When I originally came to the United States for medical school, I was very nervous. I knew no one in Minnesota and was separated from my family by a greater than six hour flight to another country.
One of the most impactful influences on my decision to become a doctor was meeting a patient with multiple sclerosis (MS). I was 19 years old and a hospital volunteer in Michigan. As I was replacing gloves, gowns and towels in my department, I entered the room of an elderly Eastern-European woman.
Soon after I began my clinical rotations in medical school, I started to see it. It was subtle. At first, I didn’t even notice it. It usually happens during hand-over, when the night team fills in the day team on overnight events, including any new admissions.
Dr. John Abramson served as a family physician for 22 years, and was voted “best doctor” numerous times. He is a Harvard Medical School faculty member, where he currently teaches health care policy. He transitioned to litigation as a consultant for the FBI and Department of Justice and served in many trials against big pharmaceutical companies.
In this article, I hope to examine some causes of this discrepancy, compare and contrast the various prison systems across different countries, understand the shortcomings of America’s prison system in addressing these issues and shed light on how prison systems can provide better health care services.
While I maneuvered through my first block of medical school, I felt emboldened by how well my undergraduate studies and extracurriculars prepared me for the transition. With that being said, Osteopathic Manipulative Medicine (OMM) snuck in on its Trojan horse and presented me with a very unexpected challenge.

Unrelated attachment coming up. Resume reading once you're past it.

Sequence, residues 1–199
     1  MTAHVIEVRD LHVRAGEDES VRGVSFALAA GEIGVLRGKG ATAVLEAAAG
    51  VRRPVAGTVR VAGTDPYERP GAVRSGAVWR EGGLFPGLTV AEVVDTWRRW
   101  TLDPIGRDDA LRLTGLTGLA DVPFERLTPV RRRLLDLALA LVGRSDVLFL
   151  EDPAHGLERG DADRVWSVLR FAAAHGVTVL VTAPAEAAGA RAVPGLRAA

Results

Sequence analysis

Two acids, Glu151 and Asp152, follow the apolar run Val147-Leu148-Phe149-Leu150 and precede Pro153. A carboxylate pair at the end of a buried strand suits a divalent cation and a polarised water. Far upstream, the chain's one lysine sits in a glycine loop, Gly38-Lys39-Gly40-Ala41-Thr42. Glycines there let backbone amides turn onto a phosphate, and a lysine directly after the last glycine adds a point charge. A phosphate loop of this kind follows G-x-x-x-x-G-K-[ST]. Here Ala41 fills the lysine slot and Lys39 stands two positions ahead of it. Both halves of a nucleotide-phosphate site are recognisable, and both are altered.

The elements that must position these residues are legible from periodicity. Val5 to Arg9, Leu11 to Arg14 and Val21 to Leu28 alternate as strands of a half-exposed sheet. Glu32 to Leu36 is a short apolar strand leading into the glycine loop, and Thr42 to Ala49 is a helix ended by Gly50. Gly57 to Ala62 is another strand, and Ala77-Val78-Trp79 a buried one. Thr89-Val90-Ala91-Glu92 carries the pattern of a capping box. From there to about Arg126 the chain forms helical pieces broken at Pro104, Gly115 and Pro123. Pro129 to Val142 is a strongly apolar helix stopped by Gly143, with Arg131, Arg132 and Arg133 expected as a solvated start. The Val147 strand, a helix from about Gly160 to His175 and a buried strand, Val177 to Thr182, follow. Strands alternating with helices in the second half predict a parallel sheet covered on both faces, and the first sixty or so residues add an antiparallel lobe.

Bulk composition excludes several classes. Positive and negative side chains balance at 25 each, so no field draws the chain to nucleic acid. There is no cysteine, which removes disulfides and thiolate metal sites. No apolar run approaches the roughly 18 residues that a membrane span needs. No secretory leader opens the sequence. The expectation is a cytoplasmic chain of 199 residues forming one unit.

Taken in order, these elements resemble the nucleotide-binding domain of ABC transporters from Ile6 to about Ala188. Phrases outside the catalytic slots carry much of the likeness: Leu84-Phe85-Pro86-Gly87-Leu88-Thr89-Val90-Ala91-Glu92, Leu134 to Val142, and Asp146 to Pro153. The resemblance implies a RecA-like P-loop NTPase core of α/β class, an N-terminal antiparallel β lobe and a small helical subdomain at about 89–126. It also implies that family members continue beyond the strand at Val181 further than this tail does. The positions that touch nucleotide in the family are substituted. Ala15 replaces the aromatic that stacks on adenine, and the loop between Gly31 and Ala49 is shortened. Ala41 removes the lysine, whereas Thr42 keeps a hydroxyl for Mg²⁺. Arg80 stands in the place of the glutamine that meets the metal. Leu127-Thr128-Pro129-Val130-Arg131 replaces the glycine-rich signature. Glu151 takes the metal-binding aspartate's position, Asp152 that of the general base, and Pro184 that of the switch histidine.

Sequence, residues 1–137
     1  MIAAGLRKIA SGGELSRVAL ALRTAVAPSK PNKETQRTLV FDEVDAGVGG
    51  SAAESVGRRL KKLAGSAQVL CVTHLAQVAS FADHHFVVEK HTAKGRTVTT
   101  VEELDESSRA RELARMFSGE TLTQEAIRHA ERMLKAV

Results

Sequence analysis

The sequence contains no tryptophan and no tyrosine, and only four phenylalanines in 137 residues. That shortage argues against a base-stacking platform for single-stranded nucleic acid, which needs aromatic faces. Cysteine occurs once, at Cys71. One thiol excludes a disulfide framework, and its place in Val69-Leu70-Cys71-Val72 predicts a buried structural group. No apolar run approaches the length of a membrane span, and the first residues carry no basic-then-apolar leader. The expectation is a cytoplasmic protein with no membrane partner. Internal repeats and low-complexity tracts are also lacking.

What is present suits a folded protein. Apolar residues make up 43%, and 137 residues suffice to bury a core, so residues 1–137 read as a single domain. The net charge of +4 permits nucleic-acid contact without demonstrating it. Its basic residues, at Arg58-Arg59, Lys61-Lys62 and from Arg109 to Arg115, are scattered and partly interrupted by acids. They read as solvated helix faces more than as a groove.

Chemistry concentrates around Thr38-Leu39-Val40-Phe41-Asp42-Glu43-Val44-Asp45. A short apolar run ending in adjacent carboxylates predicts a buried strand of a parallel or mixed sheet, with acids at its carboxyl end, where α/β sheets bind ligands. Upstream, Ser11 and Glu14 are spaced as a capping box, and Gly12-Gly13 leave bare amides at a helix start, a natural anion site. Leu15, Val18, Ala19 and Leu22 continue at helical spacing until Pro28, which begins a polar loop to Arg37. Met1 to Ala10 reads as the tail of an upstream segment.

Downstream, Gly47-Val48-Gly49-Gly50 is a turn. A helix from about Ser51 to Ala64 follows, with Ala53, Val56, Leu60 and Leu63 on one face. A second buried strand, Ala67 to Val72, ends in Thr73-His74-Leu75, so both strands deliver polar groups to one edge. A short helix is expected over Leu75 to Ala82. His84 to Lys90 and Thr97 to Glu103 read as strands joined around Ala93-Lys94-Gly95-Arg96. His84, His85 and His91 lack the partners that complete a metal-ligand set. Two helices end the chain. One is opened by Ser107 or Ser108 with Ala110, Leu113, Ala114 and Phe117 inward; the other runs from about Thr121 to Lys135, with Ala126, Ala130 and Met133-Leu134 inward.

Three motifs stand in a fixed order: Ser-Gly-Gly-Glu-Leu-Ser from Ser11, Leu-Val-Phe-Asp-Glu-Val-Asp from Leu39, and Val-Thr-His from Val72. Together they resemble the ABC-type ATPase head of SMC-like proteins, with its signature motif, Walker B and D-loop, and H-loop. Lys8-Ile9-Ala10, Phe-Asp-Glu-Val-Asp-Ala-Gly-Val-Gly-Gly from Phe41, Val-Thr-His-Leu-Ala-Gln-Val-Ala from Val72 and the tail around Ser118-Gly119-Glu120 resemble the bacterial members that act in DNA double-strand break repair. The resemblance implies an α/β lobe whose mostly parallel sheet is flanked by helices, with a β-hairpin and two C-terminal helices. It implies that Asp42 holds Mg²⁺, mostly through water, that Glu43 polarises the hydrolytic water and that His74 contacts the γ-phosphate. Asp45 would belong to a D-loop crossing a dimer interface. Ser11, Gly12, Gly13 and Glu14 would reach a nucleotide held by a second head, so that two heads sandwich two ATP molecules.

Nineteen. Oh the joy of being 19 years old. Can you remember back that far? Reminisce on the butterflies you felt as you waited for your date to pick you up for your very first college party.
My interest in radiology began, as it does for many, with the thrill of coming to a solution based on imaging and some sparse words on a patient’s chief complaint. Reading radiologic scans is like learning a language — a code composed of axial and coronal views, enhancing and nonenhancing areas and anatomical landmarks. When you dive into the millimeter slices of a contrast CT and the defect snaps to your attention, you are hooked.
During my OB/GYN rotation, one of my primary roles as a medical student was to observe and assist during labor and delivery. On one particularly memorable Friday afternoon, after we welcomed a healthy baby boy into our world, I delivered the placenta wholly intact on my own. However, while I felt satisfied with a job well done, something was dripping down my leg…
Trends come and go, some faster than others. Similarly to fads in fashion, getting admitted to medical school requires the observation of trends. What trends can you leverage as a student switching careers into medicine?
The child’s restful sleep is lost / To the hisses of serpents and other seditious demons
“This one is a handful. She brought a long list, too, so good luck with that,” the nurse said as she handed me the patient prep sheet. This was a new patient to the family medicine practice. I was seeing her near the end of a long day, so I took a deep breath to reset my mind as I entered the exam room, prepared to listen.